In the US, the attention will turn to Fed FOMC meeting minutes from the July meeting with investors looking for any clues if the latest 75bps point hike was the last of such a magnitude. Looking further, retail sales figures are set to remain weak as surge in consumer prices is slowly impacting the purchasing power. Also it would be interesting to follow housing data with building permits, housing starts, and existing home sales taking the central stage. Other important releases include industrial production and New York Emire State and Philadephia Fed Manufacturing Indexes.
Elsewhere in America, the Canada CPI due on Tuesday will be closely watched, a first-tier release that could offer clues about the Bank of Canada's rate path.
Across the Atlantic, the United Kingdom economic calendar is packed with key releases including unemployment figures, inflation data, retail sales, Gfk consumer confidence, and public sector net borrowing. Figures from the ONS are likely to show the UK's inflation rate accelerated to a new four-decade high of 9.8% in July and retail sales probably declined for the third consecutive month. Meanwhile, the unemployment rate is seen holding steady at 3.8% in the second quarter.
Also, Euro Zone will see a second estimate of second-quarter GDP and the final reading of July's inflation rate. At the same time, German investor morale is expected to improve slightly from an over 10-year low hit in July. Other key economic data include Eurozone balance of trade, current account and construction output; Germany producer and wholesale prices; Spain foreign trade; Poland and Netherlands second-quarter GDP figures; Switzerland industrial production and balance of trade. On the monetary policy front, the Norges Bank is expected to raise its benchmark interest rate by another 50 bps when it meets on Thursday, as inflation rose more than expected to a 34-year high of 6.8% in July. On the other hand, the Central Bank of Turkey is seen leaving its benchmark interest rate unchanged at 14 percent for an eighth straight month.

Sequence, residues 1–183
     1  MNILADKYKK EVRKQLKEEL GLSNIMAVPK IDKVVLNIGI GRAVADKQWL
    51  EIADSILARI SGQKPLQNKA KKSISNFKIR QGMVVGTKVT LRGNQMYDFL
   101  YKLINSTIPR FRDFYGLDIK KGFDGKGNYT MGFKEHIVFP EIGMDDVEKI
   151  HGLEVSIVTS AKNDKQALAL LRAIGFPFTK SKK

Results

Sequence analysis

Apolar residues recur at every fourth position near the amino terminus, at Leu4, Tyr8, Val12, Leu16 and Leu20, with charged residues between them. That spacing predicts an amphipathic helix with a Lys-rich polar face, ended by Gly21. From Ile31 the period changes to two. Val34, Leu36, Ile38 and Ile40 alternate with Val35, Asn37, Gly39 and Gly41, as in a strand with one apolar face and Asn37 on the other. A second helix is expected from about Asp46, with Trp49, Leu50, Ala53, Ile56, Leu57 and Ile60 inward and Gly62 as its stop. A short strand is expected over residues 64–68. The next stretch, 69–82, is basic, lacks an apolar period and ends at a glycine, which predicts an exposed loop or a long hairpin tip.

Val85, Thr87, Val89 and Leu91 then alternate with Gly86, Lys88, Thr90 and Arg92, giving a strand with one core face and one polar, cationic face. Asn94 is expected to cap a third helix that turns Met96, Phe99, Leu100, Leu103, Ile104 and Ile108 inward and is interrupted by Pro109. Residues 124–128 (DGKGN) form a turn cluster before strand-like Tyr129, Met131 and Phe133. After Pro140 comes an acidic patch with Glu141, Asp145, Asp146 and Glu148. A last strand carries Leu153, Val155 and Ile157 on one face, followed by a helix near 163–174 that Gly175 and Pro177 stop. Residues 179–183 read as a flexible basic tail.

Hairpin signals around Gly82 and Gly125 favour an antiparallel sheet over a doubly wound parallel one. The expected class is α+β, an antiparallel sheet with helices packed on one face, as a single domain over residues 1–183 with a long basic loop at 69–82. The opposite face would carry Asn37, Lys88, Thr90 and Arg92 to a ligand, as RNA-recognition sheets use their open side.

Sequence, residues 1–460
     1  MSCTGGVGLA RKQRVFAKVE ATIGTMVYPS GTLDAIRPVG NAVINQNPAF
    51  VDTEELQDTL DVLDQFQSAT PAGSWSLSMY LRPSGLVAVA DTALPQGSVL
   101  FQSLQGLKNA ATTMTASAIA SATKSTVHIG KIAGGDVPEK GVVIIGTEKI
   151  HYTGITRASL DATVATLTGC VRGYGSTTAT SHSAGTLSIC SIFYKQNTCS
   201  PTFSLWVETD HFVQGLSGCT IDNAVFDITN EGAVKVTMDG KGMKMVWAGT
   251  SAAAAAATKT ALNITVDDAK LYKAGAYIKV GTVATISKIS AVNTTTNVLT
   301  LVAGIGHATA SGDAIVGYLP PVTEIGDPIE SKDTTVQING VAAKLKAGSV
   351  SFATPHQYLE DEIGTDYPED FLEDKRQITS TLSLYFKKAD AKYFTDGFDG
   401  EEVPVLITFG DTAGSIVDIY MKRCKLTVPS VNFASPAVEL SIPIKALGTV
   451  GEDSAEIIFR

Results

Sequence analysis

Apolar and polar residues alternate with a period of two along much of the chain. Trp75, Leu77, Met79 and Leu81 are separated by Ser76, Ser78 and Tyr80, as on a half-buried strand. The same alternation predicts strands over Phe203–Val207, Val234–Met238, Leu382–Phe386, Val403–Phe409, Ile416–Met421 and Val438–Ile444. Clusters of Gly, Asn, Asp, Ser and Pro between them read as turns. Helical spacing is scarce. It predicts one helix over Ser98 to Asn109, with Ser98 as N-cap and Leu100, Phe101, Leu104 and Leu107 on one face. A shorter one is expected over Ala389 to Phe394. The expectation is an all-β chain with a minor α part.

In Australia, unemployment rate figures for July will be releases and the RBA will divulge minutes from its August meeting, sharing insights behind the central bank’s 50bps rate hike. In the meantime, the RBNZ is expected to raise its official cash rate by 50bps.
In Asia, Japan will kick-off a busy week of macroeconomic releases with preliminary Q2 GDP data, set to show a 0.6% quarterly rebound after the slight contraction in Q1. Investors also await Japanese consumer price data for July, as inflation has surpassed the BoJ’s 2% target in the past three months. In China, industrial production for July will give further insights on how the economy has recovered from strict Covid lockdowns in the second quarter, followed by releases of retail sales, the unemployment rate, and foreign direct investment. Elsewhere in Asia, the Thai GDP is set to continue to expand in Q2. Also, the Bangko Sentral ng Pilipinas is expected to keep its hawkish stance and raise its key overnight borrowing rate by 50bps, its sharpest rate hike since 2018.